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Pride Month – supporting or showboating?

Read Time: 2 minutes


As we come to the end of Pride month, we are reflecting on the inclusive social media posts and campaigns that are made by businesses throughout the month, and weighing in on what they should be doing internally to follow through with their support for the LGBTQIA+ community and their employees. 

Do companies need to earn the right, through meaningful and demonstrative action, or is the simple act of changing a logo a statement of allyship in itself? We hear from our Active Profilers on the subject…

“I’m fine with the colourful logos, the flags and the ‘extra’ social activities…yes, it’s surface level and yes, that organisation could probably do more to support the LGBTQIA+ community… but it’s the random rainbow-themed seasonal products that cross the line. We’ve all seen that M&S sandwich, right?”

"For me, it really depends on whether the company has something to be proud of. If you’ve created a workplace where colleagues feel able to be themselves, express themselves and love themselves, without judgement from others, then sure, go ahead and change your logo, but don’t be a hypocrite. If you still have some way to go, leave your profile picture as is and look in the mirror instead."

“As long as there’s some substance behind the activity and a decent level of commitment involved, then I’m all for the rainbows and colour. I see it as a declaration of support and a celebration of our LGBTQIA+ friends, family members and colleagues.”

“I’ve read some suggestions about using Pride Month as an opportunity to update internal policies and processes, that’s great but they need to be widely communicated and implemented. More importantly, those who don’t follow them should be challenged and educated. Less talk, more action.”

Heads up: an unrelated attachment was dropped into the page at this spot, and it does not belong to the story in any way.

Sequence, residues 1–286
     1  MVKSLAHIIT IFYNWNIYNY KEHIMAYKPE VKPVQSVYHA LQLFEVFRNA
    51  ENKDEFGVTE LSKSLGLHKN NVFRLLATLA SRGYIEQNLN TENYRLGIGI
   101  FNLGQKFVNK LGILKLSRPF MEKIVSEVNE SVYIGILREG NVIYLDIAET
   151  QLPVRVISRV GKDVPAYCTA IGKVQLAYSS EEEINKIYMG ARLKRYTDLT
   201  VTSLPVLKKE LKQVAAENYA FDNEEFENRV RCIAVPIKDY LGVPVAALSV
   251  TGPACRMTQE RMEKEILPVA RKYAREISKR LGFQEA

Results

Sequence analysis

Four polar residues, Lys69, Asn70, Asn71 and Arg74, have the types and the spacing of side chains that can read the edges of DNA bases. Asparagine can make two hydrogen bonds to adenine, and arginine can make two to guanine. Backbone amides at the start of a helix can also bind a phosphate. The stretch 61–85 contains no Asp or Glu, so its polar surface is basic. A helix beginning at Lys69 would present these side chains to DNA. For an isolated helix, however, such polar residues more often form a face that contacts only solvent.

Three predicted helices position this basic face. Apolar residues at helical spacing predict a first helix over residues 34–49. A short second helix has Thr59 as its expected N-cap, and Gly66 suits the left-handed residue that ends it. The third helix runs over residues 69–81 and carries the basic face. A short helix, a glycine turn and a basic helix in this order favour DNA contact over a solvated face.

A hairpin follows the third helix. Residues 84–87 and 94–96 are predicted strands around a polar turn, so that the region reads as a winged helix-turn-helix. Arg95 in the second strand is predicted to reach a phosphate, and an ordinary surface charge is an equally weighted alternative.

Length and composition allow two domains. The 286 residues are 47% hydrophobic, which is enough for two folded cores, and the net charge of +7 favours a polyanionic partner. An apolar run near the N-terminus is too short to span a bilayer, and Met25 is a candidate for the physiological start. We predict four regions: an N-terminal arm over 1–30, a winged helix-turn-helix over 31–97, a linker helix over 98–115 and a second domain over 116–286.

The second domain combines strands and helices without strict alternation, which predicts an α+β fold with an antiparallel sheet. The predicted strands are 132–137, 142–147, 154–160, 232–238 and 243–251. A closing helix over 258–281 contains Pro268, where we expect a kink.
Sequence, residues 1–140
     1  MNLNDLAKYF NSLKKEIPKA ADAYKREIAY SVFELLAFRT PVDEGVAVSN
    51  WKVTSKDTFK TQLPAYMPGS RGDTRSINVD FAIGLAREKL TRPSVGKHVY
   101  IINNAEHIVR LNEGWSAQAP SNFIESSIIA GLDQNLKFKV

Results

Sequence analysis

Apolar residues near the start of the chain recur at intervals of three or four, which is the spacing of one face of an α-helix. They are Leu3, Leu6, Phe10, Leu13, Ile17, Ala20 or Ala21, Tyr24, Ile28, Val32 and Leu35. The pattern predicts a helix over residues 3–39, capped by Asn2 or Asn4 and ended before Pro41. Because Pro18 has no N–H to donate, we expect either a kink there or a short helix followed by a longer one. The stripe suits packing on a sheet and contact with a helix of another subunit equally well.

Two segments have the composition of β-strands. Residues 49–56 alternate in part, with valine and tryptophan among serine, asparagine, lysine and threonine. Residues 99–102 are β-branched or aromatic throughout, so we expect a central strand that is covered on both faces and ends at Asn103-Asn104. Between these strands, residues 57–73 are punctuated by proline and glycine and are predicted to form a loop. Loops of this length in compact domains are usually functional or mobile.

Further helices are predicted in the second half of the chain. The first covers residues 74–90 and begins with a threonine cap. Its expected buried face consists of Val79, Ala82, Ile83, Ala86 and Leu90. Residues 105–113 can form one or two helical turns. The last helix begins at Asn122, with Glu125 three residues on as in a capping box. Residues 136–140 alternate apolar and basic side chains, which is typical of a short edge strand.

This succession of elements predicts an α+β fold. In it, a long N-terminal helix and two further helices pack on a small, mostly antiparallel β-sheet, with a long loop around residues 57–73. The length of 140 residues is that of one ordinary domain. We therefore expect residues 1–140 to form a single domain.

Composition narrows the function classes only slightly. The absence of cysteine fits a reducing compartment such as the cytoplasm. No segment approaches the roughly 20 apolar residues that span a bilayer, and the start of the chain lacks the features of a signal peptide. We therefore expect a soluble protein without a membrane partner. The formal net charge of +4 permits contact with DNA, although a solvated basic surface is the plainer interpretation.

How to wear the rainbow with pride

Businesses should be ensuring they instil an inclusive environment at all times. Here are five things your business could be doing all year round to ensure you're supporting the LGBTQIA+ community. 


  1. 1. Communicate the ‘why.’

  2. Don’t just review and update your policies, share them properly and include the background, context and why the changes are so important – educate your colleagues while demonstrating action.

  3. 2. Don’t expect.

  4. Don’t expect your LGBTQIA+ colleagues to take responsibility for planning Pride activities or charity days, and don’t assume they’ll have all the answers. Ask them if they’re open to sharing their ideas and getting involved, but don’t expect them to take the lead.

  5. 3. And don’t assume, either.

  6. Following on from #2, it’s wrong to assume that everyone will be comfortable with talking about, or shining a spotlight on, their sexuality - be sensitive to this. Don’t push people to talk about their feelings or experiences, all you can do is help to create a space where they feel comfortable to do this naturally.

  7. 4. Be authentic.

  8. If you’re not quite where you think you need to be, or you don’t quite understand what needs to be done, be open and honest about it. There’s something refreshing about an organisation that admits they still have a long way to go, but that they’re open to learning and making positive steps forward, however small.

  9. 5. Enjoy it.

  10. Things have gotten a little bit heavy recently, with all the talk of rainbow washing and tokenism, and it can feel difficult to navigate. Don’t forget to enjoy the fun, and celebrate your LGBTQIA+ colleagues, friends and family members. As long as your intentions are in the right place, you’re good.